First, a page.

Robo-forklift keeps humans out of harm's way

Jan 21, 2009
Robotic forklift. Photo by Jason Dorfman

(PhysOrg.com) -- Researchers in MIT's Computer Science and Artificial Intelligence Laboratory (CSAIL) are working on a better way to handle supplies in a war zone: a semi-autonomous forklift that can be directed by people safely away from the dangers of the site.

Currently, when supplies arrive at military outposts in war zones such as Iraq, people driving forklifts unload the pallets and put them into storage, and later load them onto trucks to take the material to where it's needed. These forklift operators must often scramble for cover, slowing the work and putting them at risk.

When completed, the new robotic device will provide a safer way to handle pallet-loaded supplies of everything from truck tires to water containers and construction materials, says Matt Walter, a CSAIL postdoctoral researcher with a lead role in the project. The device is designed to operate outdoors on uneven terrain such as gravel or packed earth.

In Iraq, it has not been uncommon for workers to "have to abandon the forklift three or four times a day because they come under fire," Walter says. "A lot of the work could be automated," thus alleviating people's exposure to danger, "but it's a very difficult task."

HEAVY LIFTING IN HOSTILE TERRITORY

The forklift is designed to operate autonomously with high-level direction from a human supervisor who could be physically nearby, or safely ensconced in a remote bunker. In an initial training phase, the forklift learns the basic layout of the storage depot facility, such as where the reception area ism where incoming supply trucks arrive with a load of pallets ready to be stored, and where the storage areas are for those pallets to be deposited. The forklift can then be commanded to transport pallets from one place to another within the depot.

Determining which pallets to pick up and where they need to go requires guidance from a human supervisor, at least for now. The supervisor's tablet computer, wirelessly linked to the forklift, displays the view from the forklift's forward-looking video camera. Using stylus gestures on the image, the supervisor indicates the truck to be unloaded, the pallet to be engaged next, and perhaps where on the pallet to insert the forklift tines. The supervisor also speaks to the tablet, indicating the desired destination of the target pallet. As the system gets more sophisticated, the supervisor would need to do less and less, eventually simply gesturing and saying "unload that truck," for example.

But to ensure that it can always carry out the necessary tasks, if there's ever a problem with the automated system the machine reverts to a conventional manned forklift whenever someone climbs into the operator's cabin.

TESTS UNDER WAY

Research began with a small test platform rigged with forklift tines and a variety of sensors and computers that was used for a series of indoor tests and is now continuing with a full-scale prototype being tested outdoors on the MIT campus.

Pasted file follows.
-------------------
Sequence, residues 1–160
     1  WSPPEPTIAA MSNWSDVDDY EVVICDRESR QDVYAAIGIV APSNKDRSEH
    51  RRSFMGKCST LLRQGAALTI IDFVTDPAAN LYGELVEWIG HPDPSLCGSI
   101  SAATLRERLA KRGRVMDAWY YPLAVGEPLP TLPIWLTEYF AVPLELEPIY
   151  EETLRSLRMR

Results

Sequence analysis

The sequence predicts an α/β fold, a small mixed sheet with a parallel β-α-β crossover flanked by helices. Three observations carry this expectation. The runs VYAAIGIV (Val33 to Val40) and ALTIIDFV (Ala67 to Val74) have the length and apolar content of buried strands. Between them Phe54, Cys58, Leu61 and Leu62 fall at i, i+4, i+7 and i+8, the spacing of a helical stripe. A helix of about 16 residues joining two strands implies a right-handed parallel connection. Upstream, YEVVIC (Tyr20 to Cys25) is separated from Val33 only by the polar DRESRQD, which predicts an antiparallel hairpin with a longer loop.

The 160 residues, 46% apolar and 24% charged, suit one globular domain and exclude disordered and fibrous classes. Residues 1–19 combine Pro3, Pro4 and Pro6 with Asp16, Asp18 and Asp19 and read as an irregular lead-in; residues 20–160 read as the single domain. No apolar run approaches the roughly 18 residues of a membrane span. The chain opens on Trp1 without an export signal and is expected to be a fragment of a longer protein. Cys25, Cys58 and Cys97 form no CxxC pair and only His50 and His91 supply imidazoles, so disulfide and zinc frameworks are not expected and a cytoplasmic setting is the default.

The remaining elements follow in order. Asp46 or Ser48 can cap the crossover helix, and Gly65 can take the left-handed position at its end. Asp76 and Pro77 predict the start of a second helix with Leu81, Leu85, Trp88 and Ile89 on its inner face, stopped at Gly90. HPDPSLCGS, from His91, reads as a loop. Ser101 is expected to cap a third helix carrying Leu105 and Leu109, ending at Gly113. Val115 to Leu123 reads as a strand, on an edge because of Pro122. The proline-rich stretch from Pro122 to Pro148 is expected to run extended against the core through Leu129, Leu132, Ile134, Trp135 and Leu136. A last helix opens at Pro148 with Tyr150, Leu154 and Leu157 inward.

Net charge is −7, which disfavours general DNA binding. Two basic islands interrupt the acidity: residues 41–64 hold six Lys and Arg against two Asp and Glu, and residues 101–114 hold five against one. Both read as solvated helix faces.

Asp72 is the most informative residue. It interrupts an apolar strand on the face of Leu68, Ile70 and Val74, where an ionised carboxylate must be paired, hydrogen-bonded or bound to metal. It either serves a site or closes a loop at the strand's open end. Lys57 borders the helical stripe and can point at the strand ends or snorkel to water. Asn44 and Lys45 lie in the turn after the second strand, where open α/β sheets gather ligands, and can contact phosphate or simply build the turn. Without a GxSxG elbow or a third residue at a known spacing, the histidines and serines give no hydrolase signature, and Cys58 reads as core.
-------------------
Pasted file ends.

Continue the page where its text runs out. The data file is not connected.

The work is part of several projects at CSAIL focused on "the development of situational awareness for machines," explains Seth Teller, professor of computer science and engineering and project lead. Situational awareness, Teller says, involves the use of sensing, motion, inference and memory to acquire "a model of the spatial layout of the world and its contents, to allow us to plan and move purposefully in the world." Humans develop these internal maps of their surroundings without even thinking about it, but "machines can't yet do it automatically."

In developing the robotic system, the CSAIL researchers have made extensive use of computer code developed for other projects, including the autonomous vehicle MIT entered in the 2007 DARPA Grand Challenge auto race, in which unmanned cars navigated roads without human intervention, Teller says. That work has been reported in papers in the Journal of Field Robotics, and the forklift project itself is the subject of a paper being submitted for publication at an upcoming robotics conference.

Among the tasks the robot must carry out automatically is avoiding unexpected obstacles, especially people who may be walking around in the area. That turned out to be less of a challenge than expected: "It is possible to detect moving people using laser range scanners," Walter says. "Things get much harder if people are trying to trick the system by hiding or standing very still," Teller notes.

The forklift project has involved about 30 faculty, staff and students (including postdocs, PhD and MEng students, and UROPs) from MIT's CSAIL, LIDS, and Courses 2, 6 and 16, as well as from Lincoln Laboratory, Draper Laboratory and BAE Systems. It has been funded by the U.S. Army Logistics Innovation Agency.

Provided by MIT

Explore further: Video: Smart assembly line robots that learn from experience working alongside humans

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